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All the Perl that's Practical to Extract and Report

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  • The problem with the test that expected an exact match only becomes a bug in the test when you change the output. So, you roll back your changes, refactor the failing test to accept more generic input, make sure it still passes without your changes and then redo your changes (consider doing a quick smoke test by deliberately breaking the thing it's supposed to test to make sure it fails correctly too).

    With TDD you are holding your tests to the same standard as your code; tests should be good enough for rig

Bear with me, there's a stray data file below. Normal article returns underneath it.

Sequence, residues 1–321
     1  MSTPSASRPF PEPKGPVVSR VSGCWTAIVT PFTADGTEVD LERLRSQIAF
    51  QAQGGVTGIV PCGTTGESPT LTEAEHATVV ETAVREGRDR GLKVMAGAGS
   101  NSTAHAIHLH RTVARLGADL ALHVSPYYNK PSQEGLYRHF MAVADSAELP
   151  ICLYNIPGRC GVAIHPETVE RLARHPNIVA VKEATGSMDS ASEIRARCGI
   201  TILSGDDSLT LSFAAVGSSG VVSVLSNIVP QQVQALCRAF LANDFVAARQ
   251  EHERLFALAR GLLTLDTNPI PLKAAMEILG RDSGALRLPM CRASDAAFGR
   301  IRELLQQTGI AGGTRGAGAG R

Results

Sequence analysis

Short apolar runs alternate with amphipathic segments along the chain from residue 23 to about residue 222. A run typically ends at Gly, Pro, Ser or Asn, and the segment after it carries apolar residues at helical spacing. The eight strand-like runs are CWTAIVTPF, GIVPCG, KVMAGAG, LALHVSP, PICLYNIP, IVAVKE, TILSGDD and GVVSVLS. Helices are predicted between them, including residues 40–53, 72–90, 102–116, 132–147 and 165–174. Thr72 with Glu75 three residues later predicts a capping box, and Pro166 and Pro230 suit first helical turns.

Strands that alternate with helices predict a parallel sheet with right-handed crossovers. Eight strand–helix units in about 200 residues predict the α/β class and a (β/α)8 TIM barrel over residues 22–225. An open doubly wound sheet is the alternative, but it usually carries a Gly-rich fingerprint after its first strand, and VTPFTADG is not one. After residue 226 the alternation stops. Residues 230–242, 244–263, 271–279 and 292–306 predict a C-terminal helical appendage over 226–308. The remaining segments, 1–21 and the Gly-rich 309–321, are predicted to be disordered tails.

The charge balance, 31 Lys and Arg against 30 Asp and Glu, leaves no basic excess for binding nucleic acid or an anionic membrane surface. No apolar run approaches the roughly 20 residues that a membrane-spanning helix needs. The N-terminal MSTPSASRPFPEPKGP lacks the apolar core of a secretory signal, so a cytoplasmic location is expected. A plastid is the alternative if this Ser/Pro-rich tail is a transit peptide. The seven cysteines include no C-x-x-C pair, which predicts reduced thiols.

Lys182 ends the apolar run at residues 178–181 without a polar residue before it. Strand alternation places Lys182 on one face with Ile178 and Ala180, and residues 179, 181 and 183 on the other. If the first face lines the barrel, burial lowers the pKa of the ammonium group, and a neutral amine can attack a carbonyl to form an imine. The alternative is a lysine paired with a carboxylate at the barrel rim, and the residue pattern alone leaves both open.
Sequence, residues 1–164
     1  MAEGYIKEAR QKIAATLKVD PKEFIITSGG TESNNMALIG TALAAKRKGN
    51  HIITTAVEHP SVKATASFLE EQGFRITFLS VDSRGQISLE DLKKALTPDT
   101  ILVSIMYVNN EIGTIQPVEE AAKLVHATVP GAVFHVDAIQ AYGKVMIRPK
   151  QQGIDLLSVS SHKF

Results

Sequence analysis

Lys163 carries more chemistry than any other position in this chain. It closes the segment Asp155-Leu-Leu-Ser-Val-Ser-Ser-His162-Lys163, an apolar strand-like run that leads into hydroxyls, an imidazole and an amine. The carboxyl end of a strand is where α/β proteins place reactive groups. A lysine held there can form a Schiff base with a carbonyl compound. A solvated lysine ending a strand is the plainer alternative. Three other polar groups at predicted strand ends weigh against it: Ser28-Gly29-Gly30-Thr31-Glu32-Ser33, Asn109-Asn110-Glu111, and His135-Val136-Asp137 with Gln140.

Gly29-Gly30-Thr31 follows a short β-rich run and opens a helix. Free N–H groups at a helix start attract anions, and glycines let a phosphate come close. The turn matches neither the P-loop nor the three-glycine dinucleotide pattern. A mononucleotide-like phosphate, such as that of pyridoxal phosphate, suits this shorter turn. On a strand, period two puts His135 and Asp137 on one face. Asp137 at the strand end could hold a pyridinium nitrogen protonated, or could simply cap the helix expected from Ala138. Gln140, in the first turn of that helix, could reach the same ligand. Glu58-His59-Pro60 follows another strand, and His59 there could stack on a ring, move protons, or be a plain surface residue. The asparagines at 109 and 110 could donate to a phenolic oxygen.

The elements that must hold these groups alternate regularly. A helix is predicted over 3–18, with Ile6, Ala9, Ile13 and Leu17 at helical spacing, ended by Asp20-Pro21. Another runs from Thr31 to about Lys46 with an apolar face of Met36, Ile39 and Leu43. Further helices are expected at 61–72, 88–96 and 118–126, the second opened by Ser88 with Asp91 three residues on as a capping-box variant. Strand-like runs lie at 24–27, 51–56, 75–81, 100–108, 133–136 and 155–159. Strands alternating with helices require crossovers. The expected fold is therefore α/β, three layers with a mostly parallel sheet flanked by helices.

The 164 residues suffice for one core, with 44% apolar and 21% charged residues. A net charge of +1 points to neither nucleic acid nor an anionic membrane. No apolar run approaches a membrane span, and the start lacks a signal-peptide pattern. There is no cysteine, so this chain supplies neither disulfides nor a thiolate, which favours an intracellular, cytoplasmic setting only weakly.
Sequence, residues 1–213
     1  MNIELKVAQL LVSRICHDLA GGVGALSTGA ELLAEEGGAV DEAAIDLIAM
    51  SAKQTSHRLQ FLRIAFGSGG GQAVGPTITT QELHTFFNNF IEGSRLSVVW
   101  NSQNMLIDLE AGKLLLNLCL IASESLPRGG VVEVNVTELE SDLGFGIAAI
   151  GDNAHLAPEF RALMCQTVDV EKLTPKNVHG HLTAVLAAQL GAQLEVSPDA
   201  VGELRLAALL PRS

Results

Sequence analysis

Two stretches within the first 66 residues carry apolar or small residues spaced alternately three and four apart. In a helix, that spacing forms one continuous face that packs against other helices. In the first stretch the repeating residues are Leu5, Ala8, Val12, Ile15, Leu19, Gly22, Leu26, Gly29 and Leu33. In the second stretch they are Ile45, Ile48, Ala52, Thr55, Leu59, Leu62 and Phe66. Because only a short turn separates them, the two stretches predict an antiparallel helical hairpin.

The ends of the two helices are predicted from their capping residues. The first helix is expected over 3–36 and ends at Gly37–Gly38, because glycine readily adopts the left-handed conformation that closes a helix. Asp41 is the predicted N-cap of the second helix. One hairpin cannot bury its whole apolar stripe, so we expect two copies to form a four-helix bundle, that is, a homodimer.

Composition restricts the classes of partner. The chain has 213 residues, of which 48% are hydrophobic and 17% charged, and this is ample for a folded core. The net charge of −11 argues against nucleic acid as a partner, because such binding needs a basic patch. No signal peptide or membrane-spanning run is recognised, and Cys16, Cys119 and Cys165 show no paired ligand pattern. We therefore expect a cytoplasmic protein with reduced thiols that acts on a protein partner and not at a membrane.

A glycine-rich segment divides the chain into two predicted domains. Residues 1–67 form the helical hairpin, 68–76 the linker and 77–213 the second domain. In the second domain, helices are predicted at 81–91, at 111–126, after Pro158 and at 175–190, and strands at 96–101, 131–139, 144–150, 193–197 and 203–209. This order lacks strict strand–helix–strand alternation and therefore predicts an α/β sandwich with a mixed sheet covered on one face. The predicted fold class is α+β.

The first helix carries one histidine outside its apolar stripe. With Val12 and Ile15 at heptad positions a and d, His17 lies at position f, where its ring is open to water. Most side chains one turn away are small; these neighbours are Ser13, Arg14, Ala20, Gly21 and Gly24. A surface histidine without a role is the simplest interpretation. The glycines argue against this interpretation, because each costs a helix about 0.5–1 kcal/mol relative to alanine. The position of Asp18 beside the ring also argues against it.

• Absolutely! (Score:2, Interesting)

    • While we admittedly do some strange things in tests (I override function definitions left and right), for the most part, good software practices apply to tests because tests are software.

    I couldn't agree more.

    Being an ardent advocate of TDD, I wouldn't think of writing a line of test software before I have the tests for that test software in place. Of course, the test-tests are also software and require that tests for them be written first and those tests require that tests, well you get the idea.

    • The nice part about TDD is that the tests test the code and the code tests the test. That is, if you write a test, make sure it fails, write the code, make sure it passes, you can avoid most of the worry.

      Writing a good test library is harder, though.